ANRIND = "L";
      else if lbstresn > 5.5 then
         ANRIND = "H";
run;

At first glance the SAS code snippet above looks fine. If the lab value is less than 3.15, then the lab value is low, and if it is greater than 5.5 then the lab value is high. The problem is that floating-point numbers are stored on computers as approximations of the value that you may see in a SAS printout. In other words, 3.15 might be stored as 3.1500000000000000000000000000000000012, which might make the program snippet above not work as hoped. To handle the floating-point comparison problem, this example can be written more safely like this:

**** FLAG LAB VALUE AS LOW OR HIGH;
data ADLB;
   set lb;
      if . < round(lbstresn,.000000001) < 3.15 then
        ANRIND = "L";
      else if round(lbstresn,.000000001) > 5.5 then
	 ANRIND = "H";
run;

Notice how the “lbstresn” variable has been rounded to an arbitrary precision to the ninth decimal place. This attempts to get around the floating-point comparison problem. At the same time, it avoids rounding the “lbstresn” variable to a precision where meaningful data are lost. Whenever you perform comparisons on numbers that are not integers, you should consider using the ROUND function.

You should read the excellent SAS Technical Support Note “TS-230: Dealing with Numeric Representation Error in SAS Applications” to learn more about SAS floating-point numbers and numeric storage precision in SAS. Another good resource for rounding issues is Ron Cody’s SAS Functions by Example, Second Edition (SAS Press, 2010). Remember that floating-point storage of non-integer numbers in SAS is done by machine-based approximation, and that can cause problems in comparisons, sorts, and any other operations on those numbers.

Was this helpful? If you're interested -- Get your copy today to receive all of Jack Shostak’s tips from SAS Programming in the Pharmaceutical Industry. (You’ll also find more free, bonus content!).  You'll find a free book excerpt, example code and data, and more.

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Bend it like our BI Dashboard experts

Go USA! Go Germany! Go Mexico! Go Colombia! Wish you were still in it, England! That’s right, it’s World Cup time, and due to the international flavor of my family, I’ve got a number of teams I’m rooting for.

I played a little soccer (or “futbol” in our house) back in the day. I can’t say I was an expert (mediocre would be generous, really), but as I watch the games, I’m amazed at how easy the professionals make it look. Pure talent aside, imagine having a window into their knowledge of the game and the techniques they use.

You may not be able to learn from the professionals on the soccer field, but you can learn from some of the best SAS experts out there—SAS consultants.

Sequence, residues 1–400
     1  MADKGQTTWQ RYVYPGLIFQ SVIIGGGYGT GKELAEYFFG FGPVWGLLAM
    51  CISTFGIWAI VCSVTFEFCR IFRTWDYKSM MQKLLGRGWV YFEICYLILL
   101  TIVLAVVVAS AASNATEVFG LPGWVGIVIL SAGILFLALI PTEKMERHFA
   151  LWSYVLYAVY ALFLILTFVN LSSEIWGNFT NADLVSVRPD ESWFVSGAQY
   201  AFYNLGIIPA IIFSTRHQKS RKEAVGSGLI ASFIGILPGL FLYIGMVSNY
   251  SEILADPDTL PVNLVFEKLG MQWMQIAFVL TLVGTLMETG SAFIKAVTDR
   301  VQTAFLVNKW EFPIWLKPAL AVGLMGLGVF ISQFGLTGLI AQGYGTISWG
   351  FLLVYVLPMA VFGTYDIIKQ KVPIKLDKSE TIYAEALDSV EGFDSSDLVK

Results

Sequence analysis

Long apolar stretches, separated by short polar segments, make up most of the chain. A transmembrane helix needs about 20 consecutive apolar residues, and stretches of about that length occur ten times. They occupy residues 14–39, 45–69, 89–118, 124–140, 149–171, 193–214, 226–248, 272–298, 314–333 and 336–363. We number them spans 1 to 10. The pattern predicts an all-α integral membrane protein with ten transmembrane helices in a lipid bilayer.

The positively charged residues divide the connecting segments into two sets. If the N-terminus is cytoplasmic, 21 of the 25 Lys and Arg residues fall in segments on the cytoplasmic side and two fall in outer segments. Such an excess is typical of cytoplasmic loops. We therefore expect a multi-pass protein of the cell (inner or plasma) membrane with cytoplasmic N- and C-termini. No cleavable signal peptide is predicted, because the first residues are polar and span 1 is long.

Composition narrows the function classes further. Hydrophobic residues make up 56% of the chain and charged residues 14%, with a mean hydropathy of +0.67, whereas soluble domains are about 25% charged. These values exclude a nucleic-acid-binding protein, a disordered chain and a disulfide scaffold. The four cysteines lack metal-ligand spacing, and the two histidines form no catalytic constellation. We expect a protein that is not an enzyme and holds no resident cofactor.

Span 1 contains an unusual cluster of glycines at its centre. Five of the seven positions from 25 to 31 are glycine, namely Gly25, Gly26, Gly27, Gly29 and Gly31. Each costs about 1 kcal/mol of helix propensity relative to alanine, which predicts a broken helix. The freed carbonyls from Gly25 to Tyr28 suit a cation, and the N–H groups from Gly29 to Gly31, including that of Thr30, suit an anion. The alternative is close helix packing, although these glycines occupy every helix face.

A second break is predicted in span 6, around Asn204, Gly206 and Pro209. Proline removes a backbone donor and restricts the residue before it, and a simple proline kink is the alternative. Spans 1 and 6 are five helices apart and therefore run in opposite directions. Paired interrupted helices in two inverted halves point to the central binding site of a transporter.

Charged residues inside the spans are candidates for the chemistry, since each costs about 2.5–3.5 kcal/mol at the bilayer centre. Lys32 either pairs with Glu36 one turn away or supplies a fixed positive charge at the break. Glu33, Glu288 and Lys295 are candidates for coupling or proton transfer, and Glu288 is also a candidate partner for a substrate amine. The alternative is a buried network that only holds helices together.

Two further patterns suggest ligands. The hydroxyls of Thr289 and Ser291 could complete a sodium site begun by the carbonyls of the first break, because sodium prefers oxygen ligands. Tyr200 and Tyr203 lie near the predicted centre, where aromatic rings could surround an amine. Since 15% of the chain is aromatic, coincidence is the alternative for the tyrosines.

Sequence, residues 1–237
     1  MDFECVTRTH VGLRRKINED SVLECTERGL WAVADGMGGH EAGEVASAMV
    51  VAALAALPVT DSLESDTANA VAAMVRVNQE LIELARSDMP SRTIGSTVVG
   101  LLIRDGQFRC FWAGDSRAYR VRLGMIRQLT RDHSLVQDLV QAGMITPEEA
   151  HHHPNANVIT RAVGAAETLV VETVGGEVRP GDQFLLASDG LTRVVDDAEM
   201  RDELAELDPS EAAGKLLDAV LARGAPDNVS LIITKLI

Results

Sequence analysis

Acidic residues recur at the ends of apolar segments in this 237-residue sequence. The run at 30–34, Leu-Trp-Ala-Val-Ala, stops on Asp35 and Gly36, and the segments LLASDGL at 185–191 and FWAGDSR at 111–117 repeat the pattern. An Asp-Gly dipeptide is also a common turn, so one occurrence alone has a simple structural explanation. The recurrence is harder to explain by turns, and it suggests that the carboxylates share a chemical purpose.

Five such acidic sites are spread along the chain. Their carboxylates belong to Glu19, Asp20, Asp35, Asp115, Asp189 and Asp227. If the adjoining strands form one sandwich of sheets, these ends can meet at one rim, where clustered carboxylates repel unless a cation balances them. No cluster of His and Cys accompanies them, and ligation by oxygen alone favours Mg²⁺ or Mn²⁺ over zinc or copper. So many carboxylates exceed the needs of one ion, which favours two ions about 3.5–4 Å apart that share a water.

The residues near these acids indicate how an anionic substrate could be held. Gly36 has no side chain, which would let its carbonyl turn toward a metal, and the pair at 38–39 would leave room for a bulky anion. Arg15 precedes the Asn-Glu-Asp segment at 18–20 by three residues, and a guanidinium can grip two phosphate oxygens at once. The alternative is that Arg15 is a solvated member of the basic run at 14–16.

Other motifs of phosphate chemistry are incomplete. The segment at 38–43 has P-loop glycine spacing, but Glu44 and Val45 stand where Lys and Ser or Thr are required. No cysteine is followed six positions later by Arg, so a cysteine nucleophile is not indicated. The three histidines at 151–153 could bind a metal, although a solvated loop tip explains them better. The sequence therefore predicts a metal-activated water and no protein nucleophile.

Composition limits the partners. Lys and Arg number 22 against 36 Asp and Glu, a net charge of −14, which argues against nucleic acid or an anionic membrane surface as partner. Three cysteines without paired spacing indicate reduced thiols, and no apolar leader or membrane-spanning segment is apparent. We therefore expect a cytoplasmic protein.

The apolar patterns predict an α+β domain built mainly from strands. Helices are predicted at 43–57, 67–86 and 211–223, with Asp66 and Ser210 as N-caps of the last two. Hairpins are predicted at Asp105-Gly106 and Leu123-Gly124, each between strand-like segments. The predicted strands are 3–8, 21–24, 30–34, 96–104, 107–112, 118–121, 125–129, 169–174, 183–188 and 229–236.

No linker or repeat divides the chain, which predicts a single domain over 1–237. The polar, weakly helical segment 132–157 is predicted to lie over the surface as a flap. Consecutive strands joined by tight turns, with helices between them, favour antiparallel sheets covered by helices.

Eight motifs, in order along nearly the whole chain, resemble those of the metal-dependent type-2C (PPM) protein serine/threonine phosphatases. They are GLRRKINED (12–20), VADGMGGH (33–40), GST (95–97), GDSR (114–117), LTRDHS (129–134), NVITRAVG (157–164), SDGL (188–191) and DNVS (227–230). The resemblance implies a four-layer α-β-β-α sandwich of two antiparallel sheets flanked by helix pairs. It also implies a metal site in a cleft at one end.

With the new (free!) e-book, SAS Consulting® Services on SAS® BI Dashboard: Interaction Examples for Dashboard Designers, dashboard designers who have a good understanding of SAS BI Dashboard can learn how to improve their dashboards with more complex, customized features. In it, Global SAS Consultant Teri Patsilaras presents three examples that show how to build complex dashboards:

Part 1: A brush interaction example

Part 2: A client-side filter interaction example

Part 3: A server-side filter interaction example

Each of these examples blends together multiple features that ultimately produce powerful dashboards for your users.

Score a goal with an assist from SAS consultants: Get your free copy today.

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So what’s the big data?

There’s a lot of excitement right now around the book, Big Data, Data Mining, and Machine Learning: Value Creation for Business Leaders and Practitioners by Jared Dean, SAS Senior Director of Research and Development.

At SAS, Dean is responsible for the development of the company’s worldwide data mining solutions. His book explains how organizations can harness the power of high-performance computing architectures as well as data mining, text analytics and machine learning algorithms.

I caught up with Dean at the Analytics 2014 conference in Frankfurt, Germany to ask him why he wrote this book.


You can also read an excerpt (PDF) from the book.

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Three reasons to learn SAS macro facility

People tend to think of the SAS macro facility as something to tackle when you’ve reached ‘advanced programmer’ status. But macro programming can be easy to learn, and it allows you to work faster and more effectively.

Here are three reasons why you should consider learning the macro facility, even if, or perhaps especially if, you’re a beginning SAS programmer:

  1. When you use the macro facility, you can accomplish repetitive tasks quickly and efficiently. A macro program can be reused many times. Parameters passed to a macro program customize the results without having to change the code within the macro program.
  2. Macro programming can provide a more modular structure to your SAS programs. SAS language that is repetitive can be generated by macro language statements in a macro program and that macro program can be referenced in your SAS program. The main program becomes easier to read – especially if you give the macro program a meaningful name for the task it performs.
  3. A more detailed reason is that it makes it much easier to pass information between steps. For example, a PROC SQL step can summarize data and save results in macro variables. These macro variables can then be used by subsequent DATA steps and PROC steps in the same SAS session to customize the processing.

And a bonus reason – most SAS programming job descriptions ask for applicants with macro programming experience. My latest book SAS Macro Programming Made Easy, Third Edition will start you down the path to obtaining that required experience.

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Catch that lazy day read and make learning a breeze with two JMP books

JMP_Book1

It’s summertime, and that means it’s time to grab a good book and relax in the hammock out back. And, if you’re like me, having a good read that can give me a leg up at work is a bonus – and these two books are perfect hammock reading.  While they cover a broad range of ways to use JMP® to analyze data, the simple step-by-step instructions in each make learning a breeze.

JMP_Book2